Microsoft joined the project pretty late on its development, but their contributions have been critical to making libgit2 as complete and powerful as it is now, especially when it comes to Windows support. We've always had Windows on mind while developing the library (it's the only Git implementation that runs natively on top of the WIndows
API), but thanks to Microsoft's support, libgit2 --and hence Git—now feels like a true native citizen in the Windows world.

There was a lot of additional work required to make libgit2 (a C library) interop with the .NET world, but this is a task we undertook long ago: libgit2sharp are the open-source .NET and Mono bindings for libgit2, carefully maintained by Emeric Fermas (a good friend, but not a GitHub employee). We were already using libgit2sharp to power GitHub for Windows, our Windows client written in C#, but Microsoft's help on brushing up the bindings has been very welcome.

Thursday, October 7, 2010

Where are the best developer hangouts?

We're looking for the best places to go to run into developers in your town. Where do you go when you want nachos and some .NET talk? Or, a beer, burger and Java? We'd like to know. Send us your suggestions for best developer hangouts in the comment section below, and we'll put it all together on our website.
-- David

Friday, May 8, 2009

Community Choice Awards

There's no slime nor trophies shaped like blimps like at the Kid's Choice Awards (I know this because I have a 9-year-old), but that program don't have a monopoly on honoring wacky categories such as "Worst Movie Kiss." SourceForge has announced the nomination period for its fourth annual Community Choice Awards is open, with prizes to be given out in 12 categories. Among them: "Best Project for Academia" and "Most Likely to Change the Way You Do Everything." There is no panel of judges to decide the winners, because "we want the open source community to tell us, first hand, what the most exciting projects are," said Ross Turk, the director of community for SourceForge. Projects do not have to be hosted on SourceForge to be eligible, and nominations will be accepted until May 29. The winners will be announced on July 23 at a party at the Agenda Lounge in San Jose, Calif, during the week of OSCON, the Open Source Conference. Should be quite the affair.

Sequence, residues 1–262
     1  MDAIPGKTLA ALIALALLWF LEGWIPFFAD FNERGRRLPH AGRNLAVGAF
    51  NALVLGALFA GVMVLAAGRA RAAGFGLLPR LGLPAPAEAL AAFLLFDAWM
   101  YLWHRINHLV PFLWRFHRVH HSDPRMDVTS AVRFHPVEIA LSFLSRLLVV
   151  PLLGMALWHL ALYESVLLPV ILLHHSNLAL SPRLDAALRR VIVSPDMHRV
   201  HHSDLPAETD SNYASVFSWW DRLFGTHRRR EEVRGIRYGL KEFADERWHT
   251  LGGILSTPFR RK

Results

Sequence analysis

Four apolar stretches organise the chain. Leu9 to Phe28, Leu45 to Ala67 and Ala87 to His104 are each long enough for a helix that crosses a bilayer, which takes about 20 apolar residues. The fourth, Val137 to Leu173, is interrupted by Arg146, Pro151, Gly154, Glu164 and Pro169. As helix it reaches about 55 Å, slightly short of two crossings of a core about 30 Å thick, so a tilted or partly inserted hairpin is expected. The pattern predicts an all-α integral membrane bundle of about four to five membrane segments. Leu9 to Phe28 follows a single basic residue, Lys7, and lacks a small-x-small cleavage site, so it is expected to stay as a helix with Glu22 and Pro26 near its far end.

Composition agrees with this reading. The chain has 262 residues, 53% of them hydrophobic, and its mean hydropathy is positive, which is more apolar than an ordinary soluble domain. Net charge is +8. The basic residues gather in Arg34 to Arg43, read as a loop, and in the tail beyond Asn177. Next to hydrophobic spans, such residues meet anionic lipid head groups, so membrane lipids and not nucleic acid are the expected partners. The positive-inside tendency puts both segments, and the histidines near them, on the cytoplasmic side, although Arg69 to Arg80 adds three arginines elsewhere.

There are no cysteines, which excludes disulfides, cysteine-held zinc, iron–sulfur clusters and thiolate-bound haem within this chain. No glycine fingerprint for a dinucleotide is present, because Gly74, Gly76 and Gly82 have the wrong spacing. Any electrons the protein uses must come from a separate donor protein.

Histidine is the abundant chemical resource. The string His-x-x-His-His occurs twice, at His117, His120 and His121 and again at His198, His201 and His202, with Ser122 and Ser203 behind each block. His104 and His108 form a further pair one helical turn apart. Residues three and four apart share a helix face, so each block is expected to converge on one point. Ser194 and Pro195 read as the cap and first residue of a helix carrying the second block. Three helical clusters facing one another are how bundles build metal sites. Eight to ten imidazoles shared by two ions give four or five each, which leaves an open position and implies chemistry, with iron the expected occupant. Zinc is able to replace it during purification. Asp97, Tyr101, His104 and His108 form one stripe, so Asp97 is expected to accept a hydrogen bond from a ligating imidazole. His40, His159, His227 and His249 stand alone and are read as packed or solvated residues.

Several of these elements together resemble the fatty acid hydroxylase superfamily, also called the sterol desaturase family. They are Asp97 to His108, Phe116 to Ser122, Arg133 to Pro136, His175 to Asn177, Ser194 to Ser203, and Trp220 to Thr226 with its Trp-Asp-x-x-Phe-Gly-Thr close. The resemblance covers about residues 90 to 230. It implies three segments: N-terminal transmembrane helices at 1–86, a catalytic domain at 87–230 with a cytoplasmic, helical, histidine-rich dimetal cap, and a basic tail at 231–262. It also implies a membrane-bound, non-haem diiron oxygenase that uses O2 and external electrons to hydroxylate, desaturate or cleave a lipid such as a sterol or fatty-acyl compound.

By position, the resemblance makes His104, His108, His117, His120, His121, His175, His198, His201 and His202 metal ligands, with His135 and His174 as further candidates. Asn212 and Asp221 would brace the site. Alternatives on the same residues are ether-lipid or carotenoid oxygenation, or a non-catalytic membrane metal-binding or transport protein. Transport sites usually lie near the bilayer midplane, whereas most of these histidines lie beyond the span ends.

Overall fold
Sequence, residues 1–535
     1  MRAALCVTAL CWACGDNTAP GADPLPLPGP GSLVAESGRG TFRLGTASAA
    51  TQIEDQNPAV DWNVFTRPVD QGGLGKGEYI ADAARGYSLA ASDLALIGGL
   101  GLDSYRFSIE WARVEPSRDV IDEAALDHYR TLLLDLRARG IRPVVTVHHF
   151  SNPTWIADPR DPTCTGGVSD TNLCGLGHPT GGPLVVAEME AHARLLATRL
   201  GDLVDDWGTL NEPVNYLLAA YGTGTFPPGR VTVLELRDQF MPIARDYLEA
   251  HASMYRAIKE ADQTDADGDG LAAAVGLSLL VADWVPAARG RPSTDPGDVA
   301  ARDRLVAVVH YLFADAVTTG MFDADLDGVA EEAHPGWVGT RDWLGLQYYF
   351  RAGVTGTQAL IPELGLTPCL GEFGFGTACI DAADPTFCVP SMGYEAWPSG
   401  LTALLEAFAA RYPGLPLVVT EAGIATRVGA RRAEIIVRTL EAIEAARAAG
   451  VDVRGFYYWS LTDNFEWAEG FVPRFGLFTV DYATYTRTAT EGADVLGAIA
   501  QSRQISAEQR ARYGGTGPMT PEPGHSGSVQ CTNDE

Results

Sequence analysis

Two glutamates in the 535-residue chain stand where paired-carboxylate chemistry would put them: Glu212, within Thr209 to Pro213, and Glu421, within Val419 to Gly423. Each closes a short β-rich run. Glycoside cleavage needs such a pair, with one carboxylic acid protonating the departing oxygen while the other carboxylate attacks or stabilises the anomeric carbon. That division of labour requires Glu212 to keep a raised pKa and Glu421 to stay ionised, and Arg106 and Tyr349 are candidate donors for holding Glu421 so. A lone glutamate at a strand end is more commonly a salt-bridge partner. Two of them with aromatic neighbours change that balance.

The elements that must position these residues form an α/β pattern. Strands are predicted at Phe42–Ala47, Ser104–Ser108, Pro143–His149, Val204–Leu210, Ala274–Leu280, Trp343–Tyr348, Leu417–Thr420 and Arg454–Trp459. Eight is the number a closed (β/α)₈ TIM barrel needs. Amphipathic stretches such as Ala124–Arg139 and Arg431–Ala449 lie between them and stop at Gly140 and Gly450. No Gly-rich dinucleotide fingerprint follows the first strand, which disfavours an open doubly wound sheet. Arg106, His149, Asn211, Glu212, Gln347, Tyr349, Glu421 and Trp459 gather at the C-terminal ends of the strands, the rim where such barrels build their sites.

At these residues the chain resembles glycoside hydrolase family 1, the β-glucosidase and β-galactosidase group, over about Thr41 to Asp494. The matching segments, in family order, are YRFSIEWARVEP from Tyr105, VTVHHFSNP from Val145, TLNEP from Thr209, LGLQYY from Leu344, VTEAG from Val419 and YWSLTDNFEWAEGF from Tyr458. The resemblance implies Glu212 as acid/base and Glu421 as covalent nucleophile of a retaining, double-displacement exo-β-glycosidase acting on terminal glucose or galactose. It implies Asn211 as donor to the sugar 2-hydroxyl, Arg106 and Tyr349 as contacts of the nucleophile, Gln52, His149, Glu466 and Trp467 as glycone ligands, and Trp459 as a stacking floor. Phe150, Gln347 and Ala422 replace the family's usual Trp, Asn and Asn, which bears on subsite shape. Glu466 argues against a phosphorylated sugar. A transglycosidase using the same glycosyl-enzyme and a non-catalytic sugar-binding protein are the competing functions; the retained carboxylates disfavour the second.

-- David Rubinstein

Friday, April 24, 2009

An Agile Process Maturity Model